ransomware
  • Malicious actors are leveraging compromised URLs to infect victims with Troldesh ransomware.
  • The particular software is most likely to be detected by AV tools, but not always.
  • The actors are using TOR for data exfiltration and communication, and two infected URLs for redundancy.

According to a report by Sucuri researchers, the Troldesh ransomware is seeing a rise in the past couple of weeks, mainly getting propagated through compromised websites. The malicious actors are sending emails and messages on social media, tricking their potential victims into visiting the infected URL. What happens when one visits this URL is the loading of a PHP file that in turn downloads a JScript file onto the victim’s computer. This second file is the host-based malware dropper that once executed, downloads the Troldesh ransomware file.

As the researchers point out, the filename of the JScript file indicates that the actors may have initially tried to spoof Ural Airlines, but the actual activity and campaign aren’t related to the brand. Another detail that was unveiled via the analysis of the JScript file is the fact that the actors are using at least two infected websites that host the malware, in case that one of them goes offline for any reason. For the storing of the Troldesh executable, the script is generating a random directory name after having acquired the important Windows OS system directories.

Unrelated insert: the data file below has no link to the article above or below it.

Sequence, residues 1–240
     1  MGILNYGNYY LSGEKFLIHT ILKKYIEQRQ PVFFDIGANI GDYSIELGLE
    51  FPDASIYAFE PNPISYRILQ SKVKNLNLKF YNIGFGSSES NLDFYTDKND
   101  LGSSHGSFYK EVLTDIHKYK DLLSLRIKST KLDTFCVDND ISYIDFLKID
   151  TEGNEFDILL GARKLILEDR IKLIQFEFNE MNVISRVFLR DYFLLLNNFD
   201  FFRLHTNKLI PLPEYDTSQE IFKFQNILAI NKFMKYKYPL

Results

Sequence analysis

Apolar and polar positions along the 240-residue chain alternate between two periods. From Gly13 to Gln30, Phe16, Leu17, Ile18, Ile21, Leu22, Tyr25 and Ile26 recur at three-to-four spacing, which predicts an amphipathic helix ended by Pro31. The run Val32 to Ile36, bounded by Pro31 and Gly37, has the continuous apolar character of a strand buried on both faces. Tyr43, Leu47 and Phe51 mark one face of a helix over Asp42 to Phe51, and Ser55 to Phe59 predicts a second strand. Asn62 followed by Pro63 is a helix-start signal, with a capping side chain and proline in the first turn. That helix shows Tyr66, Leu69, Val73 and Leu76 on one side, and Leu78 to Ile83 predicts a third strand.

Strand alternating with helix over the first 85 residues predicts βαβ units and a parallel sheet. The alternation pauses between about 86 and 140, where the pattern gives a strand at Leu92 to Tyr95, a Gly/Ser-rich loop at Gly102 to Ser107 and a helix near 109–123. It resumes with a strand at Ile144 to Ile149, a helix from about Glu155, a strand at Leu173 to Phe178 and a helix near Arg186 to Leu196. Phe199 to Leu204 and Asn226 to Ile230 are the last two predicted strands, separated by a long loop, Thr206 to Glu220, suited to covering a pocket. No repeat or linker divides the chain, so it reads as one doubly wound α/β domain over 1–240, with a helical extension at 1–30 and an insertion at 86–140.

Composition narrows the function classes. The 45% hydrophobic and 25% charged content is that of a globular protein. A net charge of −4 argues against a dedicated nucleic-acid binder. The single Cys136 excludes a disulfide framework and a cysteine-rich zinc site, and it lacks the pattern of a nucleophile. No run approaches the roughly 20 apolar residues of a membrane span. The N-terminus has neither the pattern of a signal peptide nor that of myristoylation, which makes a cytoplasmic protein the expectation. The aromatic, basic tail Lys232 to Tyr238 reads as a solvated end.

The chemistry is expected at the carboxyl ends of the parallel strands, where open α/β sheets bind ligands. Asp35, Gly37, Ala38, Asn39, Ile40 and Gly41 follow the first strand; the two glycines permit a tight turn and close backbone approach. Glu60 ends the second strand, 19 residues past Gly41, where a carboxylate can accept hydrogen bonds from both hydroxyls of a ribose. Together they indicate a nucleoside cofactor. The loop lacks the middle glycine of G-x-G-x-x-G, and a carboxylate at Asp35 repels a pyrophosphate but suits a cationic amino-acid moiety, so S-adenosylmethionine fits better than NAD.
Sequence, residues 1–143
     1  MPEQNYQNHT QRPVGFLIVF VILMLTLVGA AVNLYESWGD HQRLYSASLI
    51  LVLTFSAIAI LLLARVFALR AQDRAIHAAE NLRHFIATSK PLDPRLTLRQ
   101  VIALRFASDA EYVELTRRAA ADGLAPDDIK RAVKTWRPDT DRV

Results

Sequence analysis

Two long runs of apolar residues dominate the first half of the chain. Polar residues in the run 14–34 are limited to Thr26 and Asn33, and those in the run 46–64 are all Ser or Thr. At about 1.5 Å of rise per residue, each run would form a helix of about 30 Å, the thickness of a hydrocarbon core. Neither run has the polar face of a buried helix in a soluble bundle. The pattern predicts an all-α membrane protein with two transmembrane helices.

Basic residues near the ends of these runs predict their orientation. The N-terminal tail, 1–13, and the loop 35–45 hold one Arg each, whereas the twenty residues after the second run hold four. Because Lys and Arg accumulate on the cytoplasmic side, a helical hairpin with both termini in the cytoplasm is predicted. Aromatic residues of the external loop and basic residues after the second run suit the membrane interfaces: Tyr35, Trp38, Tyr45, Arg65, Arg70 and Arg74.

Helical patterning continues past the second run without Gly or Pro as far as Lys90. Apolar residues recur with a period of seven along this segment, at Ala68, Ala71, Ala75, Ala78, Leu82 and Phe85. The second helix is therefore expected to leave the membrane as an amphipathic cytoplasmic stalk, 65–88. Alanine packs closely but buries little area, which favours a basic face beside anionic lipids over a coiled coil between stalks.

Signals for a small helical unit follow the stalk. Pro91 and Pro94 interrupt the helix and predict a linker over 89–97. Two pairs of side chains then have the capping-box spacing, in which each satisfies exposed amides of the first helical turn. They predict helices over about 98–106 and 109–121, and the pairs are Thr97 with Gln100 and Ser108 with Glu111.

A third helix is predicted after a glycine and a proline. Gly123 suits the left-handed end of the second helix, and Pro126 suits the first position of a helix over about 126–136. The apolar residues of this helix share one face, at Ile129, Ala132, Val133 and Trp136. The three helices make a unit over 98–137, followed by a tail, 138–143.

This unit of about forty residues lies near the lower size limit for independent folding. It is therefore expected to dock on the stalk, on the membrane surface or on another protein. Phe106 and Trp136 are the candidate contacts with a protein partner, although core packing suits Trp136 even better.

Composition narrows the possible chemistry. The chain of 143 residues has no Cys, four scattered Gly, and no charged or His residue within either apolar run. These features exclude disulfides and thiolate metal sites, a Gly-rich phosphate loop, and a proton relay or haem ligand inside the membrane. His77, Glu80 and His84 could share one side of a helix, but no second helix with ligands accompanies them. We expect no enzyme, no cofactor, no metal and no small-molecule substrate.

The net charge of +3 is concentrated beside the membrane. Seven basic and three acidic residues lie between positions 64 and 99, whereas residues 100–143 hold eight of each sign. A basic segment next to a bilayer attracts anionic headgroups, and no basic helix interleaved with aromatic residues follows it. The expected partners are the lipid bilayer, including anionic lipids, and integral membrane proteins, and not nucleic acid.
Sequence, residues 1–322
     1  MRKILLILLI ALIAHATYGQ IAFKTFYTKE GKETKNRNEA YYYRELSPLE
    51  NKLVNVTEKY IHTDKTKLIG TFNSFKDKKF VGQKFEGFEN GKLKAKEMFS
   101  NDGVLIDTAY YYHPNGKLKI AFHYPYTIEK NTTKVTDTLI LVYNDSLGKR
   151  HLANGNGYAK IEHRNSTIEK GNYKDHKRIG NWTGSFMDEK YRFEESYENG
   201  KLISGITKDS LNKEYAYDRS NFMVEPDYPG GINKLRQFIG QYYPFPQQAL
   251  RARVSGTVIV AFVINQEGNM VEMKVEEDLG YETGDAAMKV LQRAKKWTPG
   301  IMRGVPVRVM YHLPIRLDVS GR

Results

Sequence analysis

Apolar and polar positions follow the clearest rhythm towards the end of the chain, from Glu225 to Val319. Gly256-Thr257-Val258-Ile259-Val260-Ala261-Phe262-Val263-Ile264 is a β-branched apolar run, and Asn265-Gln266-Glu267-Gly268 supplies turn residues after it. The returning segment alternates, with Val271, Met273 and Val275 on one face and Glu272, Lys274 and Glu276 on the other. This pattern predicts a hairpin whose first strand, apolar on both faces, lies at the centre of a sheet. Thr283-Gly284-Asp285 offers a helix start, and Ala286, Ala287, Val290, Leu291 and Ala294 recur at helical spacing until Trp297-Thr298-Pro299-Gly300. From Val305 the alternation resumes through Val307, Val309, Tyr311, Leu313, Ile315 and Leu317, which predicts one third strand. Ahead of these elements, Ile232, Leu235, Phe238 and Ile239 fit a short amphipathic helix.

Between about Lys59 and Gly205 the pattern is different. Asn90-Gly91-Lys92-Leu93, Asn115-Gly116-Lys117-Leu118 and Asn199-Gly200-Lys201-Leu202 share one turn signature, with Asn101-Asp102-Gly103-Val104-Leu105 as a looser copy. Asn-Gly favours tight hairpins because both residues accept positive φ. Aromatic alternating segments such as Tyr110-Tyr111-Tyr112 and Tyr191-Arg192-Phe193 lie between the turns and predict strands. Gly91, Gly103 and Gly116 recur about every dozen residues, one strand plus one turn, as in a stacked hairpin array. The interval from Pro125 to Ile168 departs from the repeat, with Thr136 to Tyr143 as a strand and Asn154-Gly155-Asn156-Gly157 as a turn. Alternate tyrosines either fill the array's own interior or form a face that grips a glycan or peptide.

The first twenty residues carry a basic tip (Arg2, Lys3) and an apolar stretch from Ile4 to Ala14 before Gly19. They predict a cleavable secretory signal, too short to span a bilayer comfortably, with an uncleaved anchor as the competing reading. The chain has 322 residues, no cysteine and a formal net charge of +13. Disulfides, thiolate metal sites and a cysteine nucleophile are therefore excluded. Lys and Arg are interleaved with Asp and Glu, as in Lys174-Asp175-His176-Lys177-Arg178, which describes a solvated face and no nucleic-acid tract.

malicious javascript file
image source: https://blog.sucuri.net

Troldesh has limited success in staying hidden and undetected deep inside the Windows file system. As reported by the researchers, the malicious JavaScript file has a chance of 57% of being detected by AV tools, while the ransomware file is doing much worse, with the detection rate going up to 82%. So the chances of Troldesh encrypting your files is approximately one in five. If that happens, the ransomware will use two separate keys, one to encrypt the filenames and one to encrypt the file contents. This is meant to make the decryption much harder so that the victims end up paying the requested amount to the actors.

ransomware-feedback-form
image source: https://blog.sucuri.net

Finally, it is interesting that the actors are making use of the TOR network, sending the gathered data about the victim’s machine through a TOR connection to the attacker’s server. The actors are also using the .onion URL to set up an alternative means of communication for the victims through a feedback form. This looks like it has been added at a later stage, so it could be after the extortionists lost access to their email addresses following their reporting.

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